Interestingly, the Department of Agriculture was looking for a filmmaker to head its public relations efforts. The Department was interested in making films that would illustrate for the public the crises that the country was facing. Their hope was the films would demonstrate the necessity of the New Deal and help to win support for its controversial programs. Lorentz came to the attention of the department of Agriculture and the Resettlement Administration because of his interest in Roosevelt and the New Deal and his concern with the environmental problems that the United States was facing and their impact on the country's fiscal position. Not only had he written an extensive article on the Dust Bowl for Newsweek, he had also attempted to persuade Hollywood to make a film about the situation. These factors made him an attractive candidate to head up the government's public relations film campaign, and he was hired in June of 1935. He had never directed a single film project. Yet in the next five years, he would develop for the government a series of films that would come to be known as the Films of Merit and to win him wide critical acclaim.
Lorentz saw the potential power of the film medium to bring information to a large number of people, giving Americans an opportunity to see what was happening in their country and to react to it. Film provided a vehicle to explore the issues closest to Lorentz, free access to information that he felt was being censored by the commercial film industry, the environment, and perhaps most importantly, the promise of America. Lorentz believed that this information could be presented in a manner that was at the same time artistic and of social consequence. His years as a film critic had provided him with an understanding of film's aesthetic possibilities. His films display a masterful use of music and other sound effects, such as voice over narration, used in combination with visuals to tell a powerful story.
Between 1935 and 1938, Lorentz made two films under the auspices of The Department of Agriculture, The Plow That Broke the Plains and The River, both of which had been met with tremendous critical and popular success. He had also written, directed, and produced a radio program entitled Ecce Homo!, which dealt with unemployment and which Lorentz hoped would be the basis for a third film. But by 1938 the Resettlement Administration, which had been declared unconstitutional by the Supreme Court and had been reorganized and renamed the Farm Security Administration and the Department of Agriculture has been informed by the General Accounting Office that they could not continue to fund such projects.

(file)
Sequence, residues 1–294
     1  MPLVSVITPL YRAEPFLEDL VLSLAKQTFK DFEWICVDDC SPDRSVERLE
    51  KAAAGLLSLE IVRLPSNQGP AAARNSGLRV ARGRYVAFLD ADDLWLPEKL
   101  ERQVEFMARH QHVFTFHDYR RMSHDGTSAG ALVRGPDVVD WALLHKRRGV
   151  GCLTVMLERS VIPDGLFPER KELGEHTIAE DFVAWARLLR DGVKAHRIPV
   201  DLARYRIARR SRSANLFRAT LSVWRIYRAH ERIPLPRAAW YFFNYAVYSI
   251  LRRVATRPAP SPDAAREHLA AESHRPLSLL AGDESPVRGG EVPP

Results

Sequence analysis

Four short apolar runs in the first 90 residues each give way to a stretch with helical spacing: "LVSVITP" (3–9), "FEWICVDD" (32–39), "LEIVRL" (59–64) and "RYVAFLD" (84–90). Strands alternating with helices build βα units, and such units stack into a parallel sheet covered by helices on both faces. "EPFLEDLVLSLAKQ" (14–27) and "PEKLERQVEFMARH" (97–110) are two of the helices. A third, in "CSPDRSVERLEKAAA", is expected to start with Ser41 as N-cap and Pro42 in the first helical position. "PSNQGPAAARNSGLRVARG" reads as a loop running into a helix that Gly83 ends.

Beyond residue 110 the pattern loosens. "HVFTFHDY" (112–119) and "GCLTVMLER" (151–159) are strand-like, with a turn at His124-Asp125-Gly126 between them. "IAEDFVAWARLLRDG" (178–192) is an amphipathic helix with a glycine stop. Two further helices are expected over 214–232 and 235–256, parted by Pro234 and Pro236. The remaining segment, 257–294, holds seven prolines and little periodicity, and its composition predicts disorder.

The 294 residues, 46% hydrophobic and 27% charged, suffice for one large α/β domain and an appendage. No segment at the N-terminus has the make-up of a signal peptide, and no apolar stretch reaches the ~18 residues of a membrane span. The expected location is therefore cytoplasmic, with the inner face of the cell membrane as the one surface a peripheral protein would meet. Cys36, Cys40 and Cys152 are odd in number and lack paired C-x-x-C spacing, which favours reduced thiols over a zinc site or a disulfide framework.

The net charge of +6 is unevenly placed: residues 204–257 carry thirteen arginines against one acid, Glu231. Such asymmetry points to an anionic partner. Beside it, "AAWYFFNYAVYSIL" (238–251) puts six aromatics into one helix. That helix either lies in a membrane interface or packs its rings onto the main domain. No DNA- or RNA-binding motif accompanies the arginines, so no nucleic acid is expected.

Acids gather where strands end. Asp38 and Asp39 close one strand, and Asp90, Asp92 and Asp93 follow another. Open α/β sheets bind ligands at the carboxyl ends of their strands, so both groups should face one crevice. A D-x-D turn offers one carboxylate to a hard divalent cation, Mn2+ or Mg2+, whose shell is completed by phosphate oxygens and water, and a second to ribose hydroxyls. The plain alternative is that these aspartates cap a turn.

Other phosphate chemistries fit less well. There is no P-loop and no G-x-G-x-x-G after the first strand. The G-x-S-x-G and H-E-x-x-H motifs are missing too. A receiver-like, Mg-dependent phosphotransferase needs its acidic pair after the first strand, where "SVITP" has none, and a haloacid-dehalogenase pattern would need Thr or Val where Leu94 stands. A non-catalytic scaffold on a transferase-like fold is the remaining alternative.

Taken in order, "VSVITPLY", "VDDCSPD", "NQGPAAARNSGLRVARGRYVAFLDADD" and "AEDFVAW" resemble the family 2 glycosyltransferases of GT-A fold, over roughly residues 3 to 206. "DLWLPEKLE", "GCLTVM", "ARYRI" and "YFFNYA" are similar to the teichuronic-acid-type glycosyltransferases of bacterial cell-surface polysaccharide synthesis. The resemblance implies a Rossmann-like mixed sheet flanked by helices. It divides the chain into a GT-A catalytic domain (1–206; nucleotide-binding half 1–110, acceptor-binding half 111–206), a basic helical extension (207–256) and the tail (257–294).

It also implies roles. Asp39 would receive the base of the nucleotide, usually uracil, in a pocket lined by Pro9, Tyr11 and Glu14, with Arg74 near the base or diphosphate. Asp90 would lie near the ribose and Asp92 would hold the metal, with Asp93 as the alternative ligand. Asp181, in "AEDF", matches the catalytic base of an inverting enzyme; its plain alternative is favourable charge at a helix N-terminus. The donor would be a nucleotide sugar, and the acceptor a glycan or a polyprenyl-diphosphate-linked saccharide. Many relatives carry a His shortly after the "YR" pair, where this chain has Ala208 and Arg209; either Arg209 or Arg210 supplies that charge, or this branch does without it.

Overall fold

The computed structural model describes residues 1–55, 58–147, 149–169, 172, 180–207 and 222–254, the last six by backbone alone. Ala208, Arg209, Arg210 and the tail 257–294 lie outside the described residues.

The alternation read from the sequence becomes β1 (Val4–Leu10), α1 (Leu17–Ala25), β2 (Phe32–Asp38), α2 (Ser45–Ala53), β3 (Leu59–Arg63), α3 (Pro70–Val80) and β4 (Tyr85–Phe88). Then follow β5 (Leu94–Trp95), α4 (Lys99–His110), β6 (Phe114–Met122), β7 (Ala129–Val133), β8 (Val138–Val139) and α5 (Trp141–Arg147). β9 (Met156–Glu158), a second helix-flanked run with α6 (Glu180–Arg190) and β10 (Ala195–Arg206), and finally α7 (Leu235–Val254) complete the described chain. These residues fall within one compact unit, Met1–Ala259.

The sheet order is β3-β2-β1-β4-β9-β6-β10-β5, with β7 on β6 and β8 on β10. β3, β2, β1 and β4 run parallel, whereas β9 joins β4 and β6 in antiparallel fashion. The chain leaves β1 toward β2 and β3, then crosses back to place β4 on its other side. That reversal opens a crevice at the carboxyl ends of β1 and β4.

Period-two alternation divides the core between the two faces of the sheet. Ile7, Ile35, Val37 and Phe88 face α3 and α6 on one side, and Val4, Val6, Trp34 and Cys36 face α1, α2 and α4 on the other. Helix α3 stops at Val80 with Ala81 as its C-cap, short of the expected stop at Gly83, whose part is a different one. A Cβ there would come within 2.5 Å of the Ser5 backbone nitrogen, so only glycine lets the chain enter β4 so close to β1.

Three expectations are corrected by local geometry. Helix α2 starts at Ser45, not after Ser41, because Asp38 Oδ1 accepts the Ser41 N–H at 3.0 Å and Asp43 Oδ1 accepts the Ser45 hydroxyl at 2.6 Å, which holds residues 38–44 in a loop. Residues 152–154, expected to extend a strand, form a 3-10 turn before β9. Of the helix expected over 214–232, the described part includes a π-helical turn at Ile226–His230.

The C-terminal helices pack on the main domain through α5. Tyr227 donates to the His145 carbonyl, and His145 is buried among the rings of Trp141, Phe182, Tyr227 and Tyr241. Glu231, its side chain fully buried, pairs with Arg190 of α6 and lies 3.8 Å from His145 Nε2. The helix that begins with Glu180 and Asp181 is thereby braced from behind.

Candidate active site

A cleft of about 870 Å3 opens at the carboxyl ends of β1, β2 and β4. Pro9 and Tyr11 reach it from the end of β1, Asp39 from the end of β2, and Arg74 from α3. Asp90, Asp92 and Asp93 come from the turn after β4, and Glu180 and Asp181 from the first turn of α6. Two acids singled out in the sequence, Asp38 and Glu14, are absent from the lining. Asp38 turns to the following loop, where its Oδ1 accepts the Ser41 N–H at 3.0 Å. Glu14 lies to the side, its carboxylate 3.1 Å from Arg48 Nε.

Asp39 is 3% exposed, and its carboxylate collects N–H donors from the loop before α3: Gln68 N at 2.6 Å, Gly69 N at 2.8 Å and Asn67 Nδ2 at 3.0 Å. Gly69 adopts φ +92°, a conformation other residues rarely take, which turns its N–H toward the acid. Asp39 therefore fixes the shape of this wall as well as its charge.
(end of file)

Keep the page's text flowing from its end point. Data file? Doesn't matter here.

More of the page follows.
With the fate of his projects in jeopardy, Lorentz took an opportunity to speak with President Roosevelt at a ceremony where Roosevelt presented him with an award for his work on The River, Lorentz made an appeal for the continuation of government funded film projects. After a series of negotiations, Roosevelt established the United States Film Service on August 13, 1938 and named Pare Lorentz as its director. Roosevelt outlined what the Service's responsibilities were to be. In a letter sent to Lorentz on Roosevelt's behalf by Lowell Mellett, the director of the National Emergency Council, the governing body under which the Film Service was going to operate. Lorentz was given the authority and promised funds to proceed with the development of Ecce Homo!. He was given control over the distribution of the films developed by the USFS as well as those of other departments and agencies. The Film Service was also to be responsible for setting technical standards, to review scripts being developed by all agencies for future film projects and to act as a liaison to the commercial film industry.
In his new capacity, Lorentz made two more films, Ecce Homo! and The Fight for Life. He produced two others, Power and the Land, which he had developed but was eventually directed by Joris Ivens while he finished The Fight for Life and The Land, by Robert Flaherty. But the National Emergency Council was on shaky footing with Congress, which was not persuaded that the government should be spending money on making films. Despite Lorentz' attempts to convince Congress of the Service's merit, by 1940 Congress withdrew financial support from the Film Service and Lorentz resigned from the Service's directorship.
But this did not mark the end of Lorentz' government service. Following the American entrance into World War II, he was commissioned into the Air Corps and where he produced training films for pilots. And in 1946 he was named Chief of Motion Pictures, Music and Theatre in the Occupied Areas of Germany. In this capacity he produced the filming of the Nuremberg Trials.
Following this project, Lorentz moved permanently to New York State. He split his time between New York City, where he opened a film consultant firm, and Armonk, New York, where he died on March 4, 1995 at the age of 86.